Celebrating Life

Saving Rupa from Malnutrition


In August 2017, a weak and frail Rupa was brought into the anganwadi for a screening process for all children between the age group of 6 and 59 months. Her Mid-Upper Arm Circumference measured only 11.3 cm, indicating severe acute malnutrition.

Like many families, Rupa’s mother Hemu was married at a young age and now has four children. She and her husband earn a meagre income from the agricultural or manual labour that they do. Hemu did not understand the reason behind her daughter’s weakness. Only after she brought Rupa to the Anganwadi,  she found out that her daughter had ‘kuposhan’ (malnutrition) – a word that was new to her.  But soon she began to understand what was troubling her child.

4The screening process was done as part of World Vision India’s CMAM (Community-based Management of Acute Malnutrition) in the communities we serve in Bokaro, Jharkhand. CMAM helps identify and initiate treatment for children with acute malnutrition before they become seriously ill. Caregivers provide treatment using Ready-to-Use Therapeutic Food (RUTF) and routine medical care. When necessary, severely malnourished children with medical complications are referred to inpatient facilities for more intensive treatment.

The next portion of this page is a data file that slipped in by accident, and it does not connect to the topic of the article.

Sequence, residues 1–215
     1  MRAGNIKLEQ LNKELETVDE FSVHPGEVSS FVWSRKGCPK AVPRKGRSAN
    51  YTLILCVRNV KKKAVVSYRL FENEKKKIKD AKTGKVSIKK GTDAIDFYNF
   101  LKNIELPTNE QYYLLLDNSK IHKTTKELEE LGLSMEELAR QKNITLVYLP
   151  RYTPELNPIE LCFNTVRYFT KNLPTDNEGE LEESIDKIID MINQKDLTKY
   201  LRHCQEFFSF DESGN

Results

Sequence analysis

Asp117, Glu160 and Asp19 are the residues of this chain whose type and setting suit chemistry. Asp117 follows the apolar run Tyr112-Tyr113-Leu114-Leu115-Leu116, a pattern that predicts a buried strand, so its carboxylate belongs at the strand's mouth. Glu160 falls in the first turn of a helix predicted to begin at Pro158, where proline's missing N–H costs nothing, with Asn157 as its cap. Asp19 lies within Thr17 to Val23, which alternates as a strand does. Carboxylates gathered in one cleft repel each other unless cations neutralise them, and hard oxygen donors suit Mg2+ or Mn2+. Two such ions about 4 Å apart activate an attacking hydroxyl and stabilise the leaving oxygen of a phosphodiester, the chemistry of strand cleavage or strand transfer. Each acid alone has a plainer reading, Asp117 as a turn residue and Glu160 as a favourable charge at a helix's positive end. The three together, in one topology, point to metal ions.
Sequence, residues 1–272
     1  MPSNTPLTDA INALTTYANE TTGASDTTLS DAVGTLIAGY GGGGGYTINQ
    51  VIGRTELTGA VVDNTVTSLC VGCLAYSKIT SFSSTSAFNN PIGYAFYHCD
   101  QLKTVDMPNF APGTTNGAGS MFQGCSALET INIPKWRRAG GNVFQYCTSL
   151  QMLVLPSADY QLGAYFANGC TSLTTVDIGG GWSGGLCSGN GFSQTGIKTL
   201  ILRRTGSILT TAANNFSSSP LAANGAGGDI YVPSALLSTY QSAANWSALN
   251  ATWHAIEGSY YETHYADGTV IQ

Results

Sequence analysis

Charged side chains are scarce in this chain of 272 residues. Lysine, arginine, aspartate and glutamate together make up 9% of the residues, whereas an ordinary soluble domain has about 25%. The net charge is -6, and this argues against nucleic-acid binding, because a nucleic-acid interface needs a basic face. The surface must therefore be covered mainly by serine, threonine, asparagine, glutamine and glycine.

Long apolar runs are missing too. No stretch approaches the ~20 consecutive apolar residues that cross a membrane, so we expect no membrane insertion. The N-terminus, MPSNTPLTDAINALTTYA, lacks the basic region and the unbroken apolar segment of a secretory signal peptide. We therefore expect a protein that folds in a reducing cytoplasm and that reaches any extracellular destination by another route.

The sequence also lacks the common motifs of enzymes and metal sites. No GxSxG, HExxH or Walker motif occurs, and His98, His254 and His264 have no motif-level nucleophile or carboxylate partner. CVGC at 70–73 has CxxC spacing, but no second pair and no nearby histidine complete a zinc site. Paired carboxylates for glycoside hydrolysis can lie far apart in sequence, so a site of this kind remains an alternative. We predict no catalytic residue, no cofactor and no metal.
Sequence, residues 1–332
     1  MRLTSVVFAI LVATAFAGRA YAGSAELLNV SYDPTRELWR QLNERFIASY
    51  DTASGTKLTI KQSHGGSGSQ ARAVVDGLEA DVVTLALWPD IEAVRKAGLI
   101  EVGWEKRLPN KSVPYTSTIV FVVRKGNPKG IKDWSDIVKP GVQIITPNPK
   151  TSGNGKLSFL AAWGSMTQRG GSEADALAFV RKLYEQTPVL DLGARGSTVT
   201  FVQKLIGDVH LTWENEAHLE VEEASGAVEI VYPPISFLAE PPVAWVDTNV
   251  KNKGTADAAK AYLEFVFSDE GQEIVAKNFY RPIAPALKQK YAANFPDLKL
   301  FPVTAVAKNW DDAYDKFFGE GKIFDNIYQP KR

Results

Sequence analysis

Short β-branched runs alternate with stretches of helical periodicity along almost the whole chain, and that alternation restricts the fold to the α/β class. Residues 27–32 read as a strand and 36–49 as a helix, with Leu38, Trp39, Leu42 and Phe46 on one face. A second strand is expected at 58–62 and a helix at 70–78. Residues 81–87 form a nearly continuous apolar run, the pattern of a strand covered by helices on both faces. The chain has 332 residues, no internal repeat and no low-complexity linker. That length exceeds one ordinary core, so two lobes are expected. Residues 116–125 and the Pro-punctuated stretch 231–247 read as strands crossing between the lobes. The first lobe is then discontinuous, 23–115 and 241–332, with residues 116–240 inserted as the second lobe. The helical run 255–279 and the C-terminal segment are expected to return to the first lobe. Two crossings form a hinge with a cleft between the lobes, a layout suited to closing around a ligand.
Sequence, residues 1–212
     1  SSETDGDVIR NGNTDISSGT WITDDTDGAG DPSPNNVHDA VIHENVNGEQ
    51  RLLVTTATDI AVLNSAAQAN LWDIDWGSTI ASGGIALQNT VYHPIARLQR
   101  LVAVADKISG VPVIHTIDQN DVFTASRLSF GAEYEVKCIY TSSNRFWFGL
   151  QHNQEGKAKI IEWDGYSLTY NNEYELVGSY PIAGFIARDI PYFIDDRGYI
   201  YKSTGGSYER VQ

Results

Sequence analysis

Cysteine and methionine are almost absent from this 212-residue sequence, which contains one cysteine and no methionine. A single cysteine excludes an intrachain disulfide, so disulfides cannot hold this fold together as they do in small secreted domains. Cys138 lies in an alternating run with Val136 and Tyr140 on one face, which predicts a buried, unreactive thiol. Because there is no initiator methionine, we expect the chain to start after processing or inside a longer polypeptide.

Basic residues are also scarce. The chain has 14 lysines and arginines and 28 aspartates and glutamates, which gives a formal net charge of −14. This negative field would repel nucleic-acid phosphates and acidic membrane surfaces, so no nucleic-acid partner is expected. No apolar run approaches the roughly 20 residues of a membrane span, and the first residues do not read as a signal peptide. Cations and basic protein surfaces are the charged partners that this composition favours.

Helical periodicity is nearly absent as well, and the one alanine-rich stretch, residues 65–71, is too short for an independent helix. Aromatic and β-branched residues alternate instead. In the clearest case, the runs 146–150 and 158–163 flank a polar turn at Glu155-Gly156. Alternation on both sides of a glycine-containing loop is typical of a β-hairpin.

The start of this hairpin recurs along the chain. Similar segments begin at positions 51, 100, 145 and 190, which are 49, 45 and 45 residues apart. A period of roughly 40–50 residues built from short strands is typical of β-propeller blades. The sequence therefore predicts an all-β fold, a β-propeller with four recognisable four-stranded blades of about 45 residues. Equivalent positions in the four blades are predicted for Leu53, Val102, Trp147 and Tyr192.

After running through the exercise of checking Rupa’s weight and MUAC (Mid Upper Arm Circumference) measurement, Rupa and her mother were given a demonstration on correct hand wash techniques. Finally, Rupa was prescribed 20 packets of RUTF to be consumed over the week. When her mother opened one packet and offered it to her. Rupa ate the sweet paste from the packet, slowly and steadily. After a while, a smile spread across her face and she started playing with her brother Aakash.


Soon after, Rupa was regularly brought to the Anganwadi for the RUTF packets. The CMAM programme was conducted by World Vision India in partnership with the Jharkhand State Nutrition Mission. During this programme, 20,525 children were screened for malnourishment, of them 217 children were identified with severe acute malnutrition. Out of these, 158 children were enrolled in the Out-Patient Therapeutic Programme site (OTP) established in the Anganwadi. 61% of those enrolled were cured.

When Rupa’s progress was monitored again recently, she showed improvement with her Mid-Upper Arm Circumference (MUAC), moving from red to yellow on the MUAC tape, a sign of improvement.


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